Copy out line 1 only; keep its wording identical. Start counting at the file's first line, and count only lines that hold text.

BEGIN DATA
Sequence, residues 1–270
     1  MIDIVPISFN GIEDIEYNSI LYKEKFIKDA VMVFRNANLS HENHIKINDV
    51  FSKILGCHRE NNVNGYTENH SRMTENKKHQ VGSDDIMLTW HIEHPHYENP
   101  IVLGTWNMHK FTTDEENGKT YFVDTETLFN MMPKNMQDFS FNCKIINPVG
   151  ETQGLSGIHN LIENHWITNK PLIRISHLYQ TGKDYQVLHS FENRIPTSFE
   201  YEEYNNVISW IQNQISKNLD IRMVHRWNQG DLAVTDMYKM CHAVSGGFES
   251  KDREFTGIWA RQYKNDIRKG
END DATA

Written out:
Sequence, residues 1–270